T.H.E Interview – LOSH & Senufo

Interviews

“I find psychedelics to be mind-expanding as they help me cast off the societal norms that stifle creativity.”

Following the success of their first collaboration on underground hit Cuckoo, LOSH and Senufo release new house slice, In the Cut.

The guys’ fresh take on tech house/techno ensures a floor filler ready to pay homage to the relationship between B-Boy and the DJ, calling them swiftly to the dance floor.

We caught up with the duo, to speak to them about their new single, and also touch upon the inspiration that psychedelic life has on them.


T.H.E – Hey guys! Welcome to T.H.E – Music Essentials. What have you been up to?

Losh – The weather in NYC has been prematurely cold so I’ve been spending more time indoors working on a ton of new tunes and trippy visuals to go with the releases.

Senufo – I’ve been putting these psychedelic shorts up on Instagram stories @senufomusic. I wish each story could be more than fifteen seconds, but the limitation makes me focus on the image and short message, so maybe they come out better that way.

T.H.E – You guys recently released ‘Cuckoo’, the first single together, a while back. How was it received in the underground scene?

Losh and Senufo – The funny thing about ‘Cuckoo’ is that its one of those tunes we just made for ourselves. It was like an inside joke or slang word that only you and your crew use, but somehow it starts resonating with other people and it catches fire. I started sharing it with other NY DJs, and the response was overwhelmingly positive so when Braslive picked up the release we knew that it had something that would speak to the underground.

T.H.E – How did you guys meet up?

Senufo – I had been skating around Bushwick checking out some new graffiti when I found some after-hours party that had just gotten underway. A friend of mine was at the door talking to some kid who ended up being Losh, and we struck up a conversation about music that continued till the dawn.

T.H.E – Tell us about the ‘psychedelic life’ that you guys live.

Senufo – I can’t speak for Losh, he does his own thing, but I’m the tripster. I’ve been living my own Electric Koolaid Acid Test. Looking for my band of Merry Pranksters to expand our minds and experience the light that shines in between the lines. There is so much to learn through psychedelics that its hard to describe the amount of joy and discovery that comes from a good trip. 2CB has been my favorite hallucinogen of late.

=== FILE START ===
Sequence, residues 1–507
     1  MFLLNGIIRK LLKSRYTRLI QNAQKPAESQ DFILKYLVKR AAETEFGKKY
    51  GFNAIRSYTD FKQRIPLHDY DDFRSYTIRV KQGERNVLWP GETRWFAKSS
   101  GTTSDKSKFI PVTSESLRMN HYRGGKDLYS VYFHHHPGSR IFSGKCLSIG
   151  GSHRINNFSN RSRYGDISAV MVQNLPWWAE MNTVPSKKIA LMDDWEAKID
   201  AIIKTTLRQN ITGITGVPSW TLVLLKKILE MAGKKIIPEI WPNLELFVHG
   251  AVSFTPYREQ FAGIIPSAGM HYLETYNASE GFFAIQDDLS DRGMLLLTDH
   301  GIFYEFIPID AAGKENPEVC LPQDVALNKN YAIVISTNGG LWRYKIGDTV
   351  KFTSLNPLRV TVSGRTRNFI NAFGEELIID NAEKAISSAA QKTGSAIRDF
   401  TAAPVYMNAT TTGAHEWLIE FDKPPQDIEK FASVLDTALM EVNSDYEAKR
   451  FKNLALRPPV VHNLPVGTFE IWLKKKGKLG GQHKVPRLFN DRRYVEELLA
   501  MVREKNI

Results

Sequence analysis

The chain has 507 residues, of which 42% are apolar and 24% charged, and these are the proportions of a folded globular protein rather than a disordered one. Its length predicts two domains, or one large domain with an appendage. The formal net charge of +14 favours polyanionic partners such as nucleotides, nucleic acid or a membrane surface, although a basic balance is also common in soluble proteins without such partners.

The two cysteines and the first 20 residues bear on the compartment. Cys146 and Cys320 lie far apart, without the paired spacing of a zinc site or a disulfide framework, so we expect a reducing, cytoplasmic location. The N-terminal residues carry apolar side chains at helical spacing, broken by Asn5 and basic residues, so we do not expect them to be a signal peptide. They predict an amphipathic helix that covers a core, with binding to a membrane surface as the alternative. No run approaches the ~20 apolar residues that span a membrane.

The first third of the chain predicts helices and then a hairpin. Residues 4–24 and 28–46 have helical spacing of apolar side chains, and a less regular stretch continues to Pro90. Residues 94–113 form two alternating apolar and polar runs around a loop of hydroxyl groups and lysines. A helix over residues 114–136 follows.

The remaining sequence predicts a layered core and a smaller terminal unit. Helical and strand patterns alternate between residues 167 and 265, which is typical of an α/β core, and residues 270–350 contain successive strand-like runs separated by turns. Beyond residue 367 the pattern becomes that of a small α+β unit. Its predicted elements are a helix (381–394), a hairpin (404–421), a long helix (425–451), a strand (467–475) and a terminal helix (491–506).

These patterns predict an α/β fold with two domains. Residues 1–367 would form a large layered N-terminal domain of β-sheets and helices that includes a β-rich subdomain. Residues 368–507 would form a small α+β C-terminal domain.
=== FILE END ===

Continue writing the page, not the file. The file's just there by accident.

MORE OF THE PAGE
T.H.E – When did you guys realise that the usage of drugs, proves to be inspiring when it comes to producing music?

Senufo – I find psychedelics to be mind-expanding as they help me cast off the societal norms that stifle creativity. I’m not creating music while on a trip, but sometimes I’ll get stoned before diving into a track, or I’ll record my thoughts, during a trip, that I’ll later turn into a vocal sample or song idea.

T.H.E – Overall, drugs have a very negative definition, when it comes to the electronic music culture. What are your views on this?

Senufo – I think the definition of drugs is the problem. It’s too much of a blanket term and what is acceptable changes over time. Right now, because rich white men think they can cash in on the weed market, weed is much more socially acceptable like alcohol.

Acid, mushrooms and other hallucinogens reconnect us to the natural world. They are mind-expanding. The drug culture has always been a part of music culture, and I think that the counterculture will always find a use for illicit substances to help shed the doldrums of our daily lives.

MDMA used to be legal. Demonized by the mainstream but embraced by the underground, it’s finding its way back into the light with its therapeutic uses for treating psychological disorders such as PTSD.

Some drugs aren’t’ good for the scene but to each there own.

T.H.E – Lastly, your new single ‘In the Cut’ is quite good. How long has it been in the works?

Senufo – Most of my music comes out very quickly once the concept is in place. ‘In the Cut’ was an idea I had floating around after watching the classic breakdancing movies Beatstreat and Breaking. The song is about losing yourself to the music because the DJ is in control. I’m all about real DJs, like the early house and hip-hop DJs, not fake ass button pushers who can’t read a room or mix to save their lives. The DJ and dancer should become one, and the music is the motion that keeps the party alive.

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